Pinkish Black review…
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Label: Handmade Birds
Review date: Sep. 27, 2012
Pinkish Black’s self-titled debut LP comes courtesy of Texas’s Handmade Birds, a label helmed by R. Loren of Pyramids, the Denton five-piece that happens to be one of the more inventively-listenable aural entities in heavy music/metal’s left field. Like Pyramids, Pinkish Black has no immediate or even eventual sonic forefathers. And yet it manages to feel at home in the Handmade Birds roster (His Name Is Alive, Blut Aus Nord, Black Boned Angel and Celestial to name a few) by expertly occupying the darker side of the label’s light-and-dark balance.
Pinkish Black deliver a modern update of the blurry boundary between the wailing-wall of goth-rock drama and the darker realms explored by early-1980s post-punk, bringing to mind not what Christian Death or The Birthday Party or .45 Grave actually sound like, but how we all honestly wishedthey sounded at the end of the day. There are sporadic flirtations with doom-metal and the mid-’90s post-hardcore foray into rough keyboard treatment (The VSS), but mostly this is unlike anything past or present. Furthermore, this is only two people, and even more remarkable is that one of those people commands a keyboard while the other sits behind a drum kit. That pretty much goes against the rules of heavy unless the practitioners in question are truly adept at what they do, and these two are just that.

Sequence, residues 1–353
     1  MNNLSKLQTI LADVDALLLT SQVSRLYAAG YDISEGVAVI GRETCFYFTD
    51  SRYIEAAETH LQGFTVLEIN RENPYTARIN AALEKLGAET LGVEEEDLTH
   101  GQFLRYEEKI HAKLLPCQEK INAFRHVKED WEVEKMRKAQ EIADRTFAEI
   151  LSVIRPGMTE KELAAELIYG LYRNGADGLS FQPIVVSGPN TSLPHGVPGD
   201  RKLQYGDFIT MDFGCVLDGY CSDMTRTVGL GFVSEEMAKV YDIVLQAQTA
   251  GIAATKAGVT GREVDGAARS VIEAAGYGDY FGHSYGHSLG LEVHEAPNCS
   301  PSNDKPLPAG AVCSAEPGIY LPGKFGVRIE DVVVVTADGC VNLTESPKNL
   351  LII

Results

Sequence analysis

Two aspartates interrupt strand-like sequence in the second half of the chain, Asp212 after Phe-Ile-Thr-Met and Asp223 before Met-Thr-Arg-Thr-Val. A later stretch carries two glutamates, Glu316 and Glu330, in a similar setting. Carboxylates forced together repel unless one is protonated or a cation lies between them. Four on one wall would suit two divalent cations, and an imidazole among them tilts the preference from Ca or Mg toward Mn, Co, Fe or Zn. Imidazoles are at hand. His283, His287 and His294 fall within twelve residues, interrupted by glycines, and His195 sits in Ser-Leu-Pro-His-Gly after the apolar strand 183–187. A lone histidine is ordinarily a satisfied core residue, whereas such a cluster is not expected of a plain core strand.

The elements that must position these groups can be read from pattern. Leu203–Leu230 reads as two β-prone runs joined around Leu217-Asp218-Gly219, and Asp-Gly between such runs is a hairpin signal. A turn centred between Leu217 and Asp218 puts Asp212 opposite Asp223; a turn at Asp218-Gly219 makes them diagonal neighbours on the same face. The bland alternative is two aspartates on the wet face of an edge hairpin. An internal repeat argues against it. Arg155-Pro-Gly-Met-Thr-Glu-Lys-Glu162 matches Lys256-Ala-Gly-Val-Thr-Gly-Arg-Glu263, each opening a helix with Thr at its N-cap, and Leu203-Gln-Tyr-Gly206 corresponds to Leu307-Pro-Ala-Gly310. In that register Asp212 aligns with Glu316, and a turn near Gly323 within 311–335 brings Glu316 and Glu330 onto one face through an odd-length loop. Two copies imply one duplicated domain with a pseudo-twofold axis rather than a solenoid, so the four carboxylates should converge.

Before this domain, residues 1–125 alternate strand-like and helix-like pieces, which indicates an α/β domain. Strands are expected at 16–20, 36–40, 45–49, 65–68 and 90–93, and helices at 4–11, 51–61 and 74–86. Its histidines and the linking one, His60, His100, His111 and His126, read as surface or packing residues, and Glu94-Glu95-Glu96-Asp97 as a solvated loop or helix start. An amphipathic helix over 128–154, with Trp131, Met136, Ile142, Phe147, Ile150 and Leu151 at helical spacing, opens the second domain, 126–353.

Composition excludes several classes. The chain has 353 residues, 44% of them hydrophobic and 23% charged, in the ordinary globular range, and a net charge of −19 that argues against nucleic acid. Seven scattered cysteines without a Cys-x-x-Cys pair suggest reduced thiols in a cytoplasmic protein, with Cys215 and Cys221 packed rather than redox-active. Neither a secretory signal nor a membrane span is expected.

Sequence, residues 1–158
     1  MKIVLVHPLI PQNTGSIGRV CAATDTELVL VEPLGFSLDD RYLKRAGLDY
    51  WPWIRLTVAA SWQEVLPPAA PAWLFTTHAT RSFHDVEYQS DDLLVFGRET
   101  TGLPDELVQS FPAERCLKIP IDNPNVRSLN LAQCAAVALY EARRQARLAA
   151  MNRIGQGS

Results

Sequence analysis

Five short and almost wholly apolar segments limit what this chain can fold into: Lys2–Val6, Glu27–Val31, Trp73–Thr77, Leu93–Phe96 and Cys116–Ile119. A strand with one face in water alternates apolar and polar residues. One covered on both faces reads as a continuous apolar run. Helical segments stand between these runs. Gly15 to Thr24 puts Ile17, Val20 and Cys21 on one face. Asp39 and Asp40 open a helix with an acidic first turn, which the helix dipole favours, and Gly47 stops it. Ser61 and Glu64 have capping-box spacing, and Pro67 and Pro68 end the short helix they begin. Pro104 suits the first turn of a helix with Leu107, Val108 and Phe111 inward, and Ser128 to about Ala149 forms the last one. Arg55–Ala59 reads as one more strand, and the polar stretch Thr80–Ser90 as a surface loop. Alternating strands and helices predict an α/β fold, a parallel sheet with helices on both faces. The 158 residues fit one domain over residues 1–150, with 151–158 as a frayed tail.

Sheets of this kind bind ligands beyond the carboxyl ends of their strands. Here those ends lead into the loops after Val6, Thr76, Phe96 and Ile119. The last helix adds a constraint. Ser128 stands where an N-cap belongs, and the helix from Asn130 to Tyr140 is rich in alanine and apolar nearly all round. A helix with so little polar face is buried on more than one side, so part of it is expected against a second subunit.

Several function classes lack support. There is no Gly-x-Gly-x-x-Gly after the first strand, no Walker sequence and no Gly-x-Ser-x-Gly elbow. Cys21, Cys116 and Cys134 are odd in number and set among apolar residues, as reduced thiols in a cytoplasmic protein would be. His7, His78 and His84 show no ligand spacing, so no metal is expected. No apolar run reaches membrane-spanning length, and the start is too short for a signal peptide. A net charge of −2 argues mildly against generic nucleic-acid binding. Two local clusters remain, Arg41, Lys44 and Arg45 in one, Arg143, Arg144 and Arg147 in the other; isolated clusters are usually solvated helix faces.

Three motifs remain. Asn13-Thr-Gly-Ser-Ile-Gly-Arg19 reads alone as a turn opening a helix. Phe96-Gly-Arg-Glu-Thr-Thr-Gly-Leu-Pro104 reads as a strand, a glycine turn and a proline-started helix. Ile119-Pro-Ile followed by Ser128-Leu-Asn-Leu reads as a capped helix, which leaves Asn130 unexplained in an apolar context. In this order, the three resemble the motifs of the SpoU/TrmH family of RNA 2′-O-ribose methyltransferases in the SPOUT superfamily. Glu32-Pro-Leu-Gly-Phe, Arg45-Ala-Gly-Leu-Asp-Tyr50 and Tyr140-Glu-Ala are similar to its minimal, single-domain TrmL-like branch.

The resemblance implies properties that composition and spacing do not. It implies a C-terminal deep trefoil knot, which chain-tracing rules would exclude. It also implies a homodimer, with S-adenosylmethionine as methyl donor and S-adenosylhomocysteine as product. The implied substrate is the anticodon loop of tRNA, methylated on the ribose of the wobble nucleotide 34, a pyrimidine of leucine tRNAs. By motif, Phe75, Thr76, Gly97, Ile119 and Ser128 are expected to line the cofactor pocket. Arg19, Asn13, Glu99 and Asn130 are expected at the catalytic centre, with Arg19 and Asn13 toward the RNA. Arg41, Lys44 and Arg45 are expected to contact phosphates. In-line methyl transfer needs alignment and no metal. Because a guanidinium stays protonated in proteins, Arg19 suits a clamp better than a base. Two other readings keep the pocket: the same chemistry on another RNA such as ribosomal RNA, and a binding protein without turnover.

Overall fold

While a good portion of this record plods along mid-tempo or slower, Side B opener “Tell Her I’m Dead” explodes midway through with an almost free-form onslaught — a hyperblast all-instruments-go! freakout of a most welcome nature. Album closer “Against the Door” has the keyboard doing double-duty, providing furry sheets of thick sound while acting as an ultra low-end bass for the track’s rhythmic feel of chasing someone to the death. Four out of these seven tracks lock into a good and catchy groove, be it by way of vocal hook or rhythmic repetition, but this is not a pop exercise nor does it conjure the p-word in the least. This is dark stuff that rocks when it wants to rock, and that’s approximately 60 to 70 percent of the time. Pinkish Black achieve a heaviness far beyond what their instrumental or two-man means should allow, and this should appeal to those whose tastes spread across the entire landscape of heavy.
By Andrew Earles